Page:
16.1 How options are set 159
              16.2 Colors 161
              16.3 Screen distances 163
              16.4 Reliefs 164



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2


              16.5 Fonts 164
              16.6 Bitmaps 166
              16.7 Cursors 166
              16.8 Anchors 167
              16.9 Script options and scrolling 169
             16.10 Variables 171
             16.11 Time intervals 171
             16.12 The configure widget command 171
             16.13 The option database 173
                    16.13.1Patterns 173
                    16.13.2RESOURCE_MANAGER property and .Xdefaults file 175
                    16.13.3Priorities 175
                    16.13.4The option command 176



Chapter 17          Geometry Managers: The Placer 179
              17.1 An overview of geometry management 179
              17.2 Controlling positions with the placer 182
              17.3 Controlling the size of a slave 185
              17.4 Selecting the master window 185
              17.5 Border modes 186
              17.6 More on the place command 186
              17.7 Controlling the size of the master 187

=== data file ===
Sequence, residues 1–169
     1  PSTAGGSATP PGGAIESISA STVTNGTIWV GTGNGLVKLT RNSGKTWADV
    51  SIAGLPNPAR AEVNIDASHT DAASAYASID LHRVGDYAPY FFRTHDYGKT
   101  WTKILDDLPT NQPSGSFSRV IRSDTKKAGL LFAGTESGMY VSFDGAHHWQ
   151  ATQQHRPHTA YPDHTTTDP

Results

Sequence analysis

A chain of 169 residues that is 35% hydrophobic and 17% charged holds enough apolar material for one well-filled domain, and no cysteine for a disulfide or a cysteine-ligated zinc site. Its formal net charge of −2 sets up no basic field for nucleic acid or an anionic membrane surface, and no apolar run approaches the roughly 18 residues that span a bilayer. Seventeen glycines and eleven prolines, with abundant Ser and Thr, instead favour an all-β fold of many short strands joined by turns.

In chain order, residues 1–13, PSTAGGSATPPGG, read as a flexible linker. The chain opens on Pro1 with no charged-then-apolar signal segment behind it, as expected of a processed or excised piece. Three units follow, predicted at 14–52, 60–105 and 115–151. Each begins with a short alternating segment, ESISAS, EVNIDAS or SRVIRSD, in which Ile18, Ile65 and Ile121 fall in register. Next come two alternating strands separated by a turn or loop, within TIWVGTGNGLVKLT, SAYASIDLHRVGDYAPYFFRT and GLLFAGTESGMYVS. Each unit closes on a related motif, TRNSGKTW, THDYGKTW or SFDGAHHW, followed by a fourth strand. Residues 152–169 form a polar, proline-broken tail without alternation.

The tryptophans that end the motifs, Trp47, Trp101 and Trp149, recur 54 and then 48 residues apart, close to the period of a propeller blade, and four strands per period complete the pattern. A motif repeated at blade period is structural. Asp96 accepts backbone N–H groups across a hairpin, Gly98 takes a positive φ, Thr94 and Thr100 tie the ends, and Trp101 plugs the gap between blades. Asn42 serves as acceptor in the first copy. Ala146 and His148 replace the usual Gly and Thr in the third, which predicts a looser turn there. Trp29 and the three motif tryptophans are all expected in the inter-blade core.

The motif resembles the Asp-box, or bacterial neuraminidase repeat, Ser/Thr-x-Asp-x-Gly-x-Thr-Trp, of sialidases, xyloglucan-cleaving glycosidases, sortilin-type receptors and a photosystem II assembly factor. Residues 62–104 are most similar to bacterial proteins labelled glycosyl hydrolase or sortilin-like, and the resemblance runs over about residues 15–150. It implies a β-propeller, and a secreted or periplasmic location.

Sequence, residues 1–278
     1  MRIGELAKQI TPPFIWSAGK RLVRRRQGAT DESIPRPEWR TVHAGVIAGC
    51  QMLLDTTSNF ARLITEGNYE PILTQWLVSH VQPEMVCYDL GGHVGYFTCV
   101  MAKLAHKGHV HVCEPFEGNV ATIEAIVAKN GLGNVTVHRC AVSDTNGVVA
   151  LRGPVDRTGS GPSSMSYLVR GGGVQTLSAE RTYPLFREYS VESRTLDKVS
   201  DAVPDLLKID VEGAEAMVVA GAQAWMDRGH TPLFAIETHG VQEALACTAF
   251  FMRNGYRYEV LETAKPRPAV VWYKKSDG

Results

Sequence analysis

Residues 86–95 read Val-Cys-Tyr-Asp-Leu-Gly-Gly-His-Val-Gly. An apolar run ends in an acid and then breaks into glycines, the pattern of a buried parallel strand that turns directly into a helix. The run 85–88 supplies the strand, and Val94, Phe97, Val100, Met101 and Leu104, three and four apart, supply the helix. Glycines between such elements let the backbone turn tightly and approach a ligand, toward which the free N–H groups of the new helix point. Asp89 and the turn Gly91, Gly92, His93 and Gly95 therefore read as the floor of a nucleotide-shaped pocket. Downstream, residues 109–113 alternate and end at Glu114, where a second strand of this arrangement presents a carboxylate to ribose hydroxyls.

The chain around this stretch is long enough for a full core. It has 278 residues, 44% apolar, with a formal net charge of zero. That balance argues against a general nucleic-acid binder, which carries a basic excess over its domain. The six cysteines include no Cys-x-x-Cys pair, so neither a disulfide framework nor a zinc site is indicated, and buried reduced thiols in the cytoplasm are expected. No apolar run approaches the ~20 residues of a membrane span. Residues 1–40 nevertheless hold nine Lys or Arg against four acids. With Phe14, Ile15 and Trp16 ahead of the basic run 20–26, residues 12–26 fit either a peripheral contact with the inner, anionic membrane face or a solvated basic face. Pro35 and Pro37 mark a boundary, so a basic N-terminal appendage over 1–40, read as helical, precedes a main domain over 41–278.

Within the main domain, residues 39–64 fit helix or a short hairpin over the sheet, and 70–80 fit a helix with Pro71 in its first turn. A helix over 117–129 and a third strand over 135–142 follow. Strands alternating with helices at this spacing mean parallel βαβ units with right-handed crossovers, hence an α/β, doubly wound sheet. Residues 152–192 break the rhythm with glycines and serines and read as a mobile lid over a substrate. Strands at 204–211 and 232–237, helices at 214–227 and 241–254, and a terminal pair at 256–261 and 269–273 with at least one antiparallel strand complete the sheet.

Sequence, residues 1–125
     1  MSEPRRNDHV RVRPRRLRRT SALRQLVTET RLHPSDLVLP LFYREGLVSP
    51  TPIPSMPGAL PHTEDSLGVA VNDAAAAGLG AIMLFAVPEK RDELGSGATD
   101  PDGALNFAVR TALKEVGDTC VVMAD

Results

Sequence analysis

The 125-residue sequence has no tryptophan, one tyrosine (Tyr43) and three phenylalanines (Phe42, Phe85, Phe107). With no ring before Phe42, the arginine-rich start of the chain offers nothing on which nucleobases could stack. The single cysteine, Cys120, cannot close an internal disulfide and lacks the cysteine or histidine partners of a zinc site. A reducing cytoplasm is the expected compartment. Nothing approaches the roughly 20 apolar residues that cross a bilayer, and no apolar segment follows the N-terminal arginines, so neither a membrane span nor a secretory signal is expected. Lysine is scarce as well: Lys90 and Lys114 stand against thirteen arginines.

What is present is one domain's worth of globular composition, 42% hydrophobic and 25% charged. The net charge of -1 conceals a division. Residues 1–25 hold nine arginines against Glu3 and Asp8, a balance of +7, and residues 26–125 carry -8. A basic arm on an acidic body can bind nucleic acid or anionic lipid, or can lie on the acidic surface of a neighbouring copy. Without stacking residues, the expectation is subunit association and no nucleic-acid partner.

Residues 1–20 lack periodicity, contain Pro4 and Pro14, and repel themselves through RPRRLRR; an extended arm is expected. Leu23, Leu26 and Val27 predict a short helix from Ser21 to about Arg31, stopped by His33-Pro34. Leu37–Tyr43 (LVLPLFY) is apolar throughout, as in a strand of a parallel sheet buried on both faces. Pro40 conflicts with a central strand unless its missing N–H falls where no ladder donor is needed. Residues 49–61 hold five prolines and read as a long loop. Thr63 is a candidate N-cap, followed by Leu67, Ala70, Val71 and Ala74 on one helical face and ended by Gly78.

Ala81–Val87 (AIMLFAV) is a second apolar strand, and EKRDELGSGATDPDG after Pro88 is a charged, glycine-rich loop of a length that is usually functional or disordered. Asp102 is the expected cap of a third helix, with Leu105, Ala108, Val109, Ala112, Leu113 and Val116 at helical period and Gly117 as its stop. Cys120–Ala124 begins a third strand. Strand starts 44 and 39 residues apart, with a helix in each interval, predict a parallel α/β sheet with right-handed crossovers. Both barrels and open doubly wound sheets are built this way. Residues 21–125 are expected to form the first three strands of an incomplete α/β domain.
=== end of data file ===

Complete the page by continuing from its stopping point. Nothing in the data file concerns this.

Chapter 18          The Packer 189
              18.1 Packer basics 189
              18.2 Packer configuration options 193
              18.3 Hierarchical packing 196
              18.4 Other options to the pack command 197


Chapter 19          Bindings 199
              19.1 An overview of the bind command 199
              19.2 Event patterns 201



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                                                                                     3


              19.3 Sequences of events 203
              19.4 Conflict resolution 203
              19.5 Substitutions in scripts 204
              19.6 When are events processed? 205
              19.7 Background errors: tkerror 205
              19.8 Other uses of bindings 206


Chapter 20          The Selection 207
              20.1 Selections, retrievals, and targets 207
              20.2 Locating and clearing the selection 209
              20.3 Supplying the selection with Tcl scripts 210


Chapter 21          The Input Focus 213
              21.1 Focus model: explicit vs. implicit 213
              21.2 Setting the input focus 214
              21.3 Clearing the focus 215
              21.4 The default focus 215
              21.5 Keyboard accelerators 216


Chapter 22          Window Managers 217
              22.1 Window sizes 219
              22.2 Gridded windows 220
              22.3 Window positions 222